I have also previously worked at this site, and so when I found people making negative remarks about the discovery, I wrote to the press to explain the circumstances that faced the archaeologists. When I worked at the site, I excavated an intact tomb found under a modern villa. When I opened the tomb, I found that it had been robbed in the Roman Period. I also found a 26th Dynasty tomb that was completely underwater. We tried to drain the water from the tomb, but it kept coming back, making it difficult to take the canopic jars that the tomb contained out of the mud.
When the Ministry of Awqaf (religious endowments) planned to build a supermarket in that area, remains were found and I led an emergency expedition to excavate in the same area where the German expedition is now working. We found the remains of three temples, with the statues in them being either broken into many pieces or destroyed. We discovered a temple of Thutmose III and one of Ramses II containing shattered fragments of statues. A surprise find was a limestone block inscribed with the name of Aten, proving that the ancient Egyptian Pharaoh Akhenaten built a temple for Aten in Heliopolis.
I also moved a pillar from a temple built by Merenptah from this site to the citadel in Cairo for restoration. The site hosts the oldest known obelisk of Senwosret I, and there used to be some four other obelisks in the area that were removed from the site in antiquity.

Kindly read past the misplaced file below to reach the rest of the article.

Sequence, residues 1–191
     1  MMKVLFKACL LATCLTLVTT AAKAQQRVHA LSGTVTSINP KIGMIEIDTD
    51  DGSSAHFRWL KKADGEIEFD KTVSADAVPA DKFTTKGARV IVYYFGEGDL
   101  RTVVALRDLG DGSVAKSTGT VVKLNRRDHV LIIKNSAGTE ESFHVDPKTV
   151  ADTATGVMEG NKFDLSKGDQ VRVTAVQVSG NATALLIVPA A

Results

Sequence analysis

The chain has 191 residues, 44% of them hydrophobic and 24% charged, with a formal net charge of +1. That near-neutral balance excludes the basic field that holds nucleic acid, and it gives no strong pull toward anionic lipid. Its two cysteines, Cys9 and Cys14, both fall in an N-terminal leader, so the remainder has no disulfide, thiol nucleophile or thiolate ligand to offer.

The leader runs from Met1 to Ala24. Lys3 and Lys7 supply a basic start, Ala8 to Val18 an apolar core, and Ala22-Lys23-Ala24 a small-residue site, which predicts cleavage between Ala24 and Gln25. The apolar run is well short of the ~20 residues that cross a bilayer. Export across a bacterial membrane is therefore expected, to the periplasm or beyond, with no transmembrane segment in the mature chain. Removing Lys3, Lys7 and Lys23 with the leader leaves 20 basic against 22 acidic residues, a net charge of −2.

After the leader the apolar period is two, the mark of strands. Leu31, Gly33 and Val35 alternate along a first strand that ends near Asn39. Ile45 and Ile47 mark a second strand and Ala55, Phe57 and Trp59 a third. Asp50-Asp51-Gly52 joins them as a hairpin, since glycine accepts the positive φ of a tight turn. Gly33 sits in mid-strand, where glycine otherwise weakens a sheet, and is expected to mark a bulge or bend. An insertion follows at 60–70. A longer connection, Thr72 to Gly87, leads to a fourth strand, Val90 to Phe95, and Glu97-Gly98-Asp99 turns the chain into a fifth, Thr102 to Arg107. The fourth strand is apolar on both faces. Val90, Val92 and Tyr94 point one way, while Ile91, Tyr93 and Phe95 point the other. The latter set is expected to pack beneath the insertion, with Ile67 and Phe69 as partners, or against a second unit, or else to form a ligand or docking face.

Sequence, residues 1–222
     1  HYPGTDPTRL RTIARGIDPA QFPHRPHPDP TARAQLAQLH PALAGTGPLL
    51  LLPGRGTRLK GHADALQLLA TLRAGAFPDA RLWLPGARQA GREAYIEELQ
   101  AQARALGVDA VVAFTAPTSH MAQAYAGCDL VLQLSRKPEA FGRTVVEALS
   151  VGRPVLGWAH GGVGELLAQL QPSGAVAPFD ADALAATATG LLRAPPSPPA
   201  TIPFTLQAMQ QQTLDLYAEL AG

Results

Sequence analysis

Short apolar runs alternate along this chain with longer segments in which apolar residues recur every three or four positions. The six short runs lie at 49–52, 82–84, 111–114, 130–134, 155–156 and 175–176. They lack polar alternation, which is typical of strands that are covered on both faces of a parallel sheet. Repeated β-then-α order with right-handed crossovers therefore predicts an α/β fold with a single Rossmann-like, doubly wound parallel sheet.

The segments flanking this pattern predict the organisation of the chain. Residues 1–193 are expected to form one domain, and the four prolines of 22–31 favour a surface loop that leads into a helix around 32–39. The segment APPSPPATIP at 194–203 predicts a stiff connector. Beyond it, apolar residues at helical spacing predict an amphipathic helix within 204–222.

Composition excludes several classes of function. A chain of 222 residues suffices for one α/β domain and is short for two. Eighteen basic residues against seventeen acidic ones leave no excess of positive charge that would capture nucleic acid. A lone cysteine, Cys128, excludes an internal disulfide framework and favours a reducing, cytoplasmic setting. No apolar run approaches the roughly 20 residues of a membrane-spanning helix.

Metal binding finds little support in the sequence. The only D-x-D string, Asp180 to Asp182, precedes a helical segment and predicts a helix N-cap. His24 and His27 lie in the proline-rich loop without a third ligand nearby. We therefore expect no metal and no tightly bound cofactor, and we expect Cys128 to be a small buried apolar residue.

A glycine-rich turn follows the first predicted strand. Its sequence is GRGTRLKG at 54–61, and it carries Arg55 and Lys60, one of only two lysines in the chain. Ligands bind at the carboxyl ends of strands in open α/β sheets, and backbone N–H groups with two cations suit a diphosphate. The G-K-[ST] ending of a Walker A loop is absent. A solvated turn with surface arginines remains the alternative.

Over 300 years ago, people began to build houses and villas above the temples and tombs in the area, and as a result a law was issued saying that anyone who wanted to demolish his house in the area should obtain permission from the local department of antiquities. When experts have checked the foundations of demolished houses, they have discovered many important remains, such as the two tombs I excavated under the previously mentioned demolished villa.
When I went back to visit the site recently, I thought that the large head and the massive body of the newly discovered statue belonged to Ramses II. Surprisingly, the pieces were found to belong to Psamtik I, the first king of the 26th Dynasty, Dietrich Raue having examined the statue stylistically and come to this conclusion.
I have to congratulate the expedition and especially my friend El-Enany who is doing his best to bring back to Egypt the glory of its ancient history. I told him that if people attack you, this means that you are successful. I do not know, on the other hand, how we can finally get rid of the enemies of success or the friends of the evil god Seth.
-- Sent from my Linux system.